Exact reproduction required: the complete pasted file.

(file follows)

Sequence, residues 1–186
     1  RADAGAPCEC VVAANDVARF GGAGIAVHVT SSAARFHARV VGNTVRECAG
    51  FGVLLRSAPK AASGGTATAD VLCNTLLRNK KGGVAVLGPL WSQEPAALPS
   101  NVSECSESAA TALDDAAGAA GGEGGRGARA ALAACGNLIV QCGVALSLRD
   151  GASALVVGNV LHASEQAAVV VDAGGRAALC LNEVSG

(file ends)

Sequence, residues 1–186
     1  RADAGAPCEC VVAANDVARF GGAGIAVHVT SSAARFHARV VGNTVRECAG
    51  FGVLLRSAPK AASGGTATAD VLCNTLLRNK KGGVAVLGPL WSQEPAALPS
   101  NVSECSESAA TALDDAAGAA GGEGGRGARA ALAACGNLIV QCGVALSLRD
   151  GASALVVGNV LHASEQAAVV VDAGGRAALC LNEVSG